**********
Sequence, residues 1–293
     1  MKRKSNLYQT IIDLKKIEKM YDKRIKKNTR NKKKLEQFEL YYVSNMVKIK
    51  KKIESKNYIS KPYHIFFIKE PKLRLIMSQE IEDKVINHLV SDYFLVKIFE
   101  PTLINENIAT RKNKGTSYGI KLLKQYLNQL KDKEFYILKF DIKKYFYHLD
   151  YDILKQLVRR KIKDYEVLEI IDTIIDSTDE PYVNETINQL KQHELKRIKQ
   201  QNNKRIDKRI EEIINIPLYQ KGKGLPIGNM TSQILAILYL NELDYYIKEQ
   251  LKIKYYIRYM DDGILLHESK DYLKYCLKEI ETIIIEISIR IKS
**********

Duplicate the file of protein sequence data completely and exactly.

Sequence, residues 1–293
     1  MKRKSNLYQT IIDLKKIEKM YDKRIKKNTR NKKKLEQFEL YYVSNMVKIK
    51  KKIESKNYIS KPYHIFFIKE PKLRLIMSQE IEDKVINHLV SDYFLVKIFE
   101  PTLINENIAT RKNKGTSYGI KLLKQYLNQL KDKEFYILKF DIKKYFYHLD
   151  YDILKQLVRR KIKDYEVLEI IDTIIDSTDE PYVNETINQL KQHELKRIKQ
   201  QNNKRIDKRI EEIINIPLYQ KGKGLPIGNM TSQILAILYL NELDYYIKEQ
   251  LKIKYYIRYM DDGILLHESK DYLKYCLKEI ETIIIEISIR IKS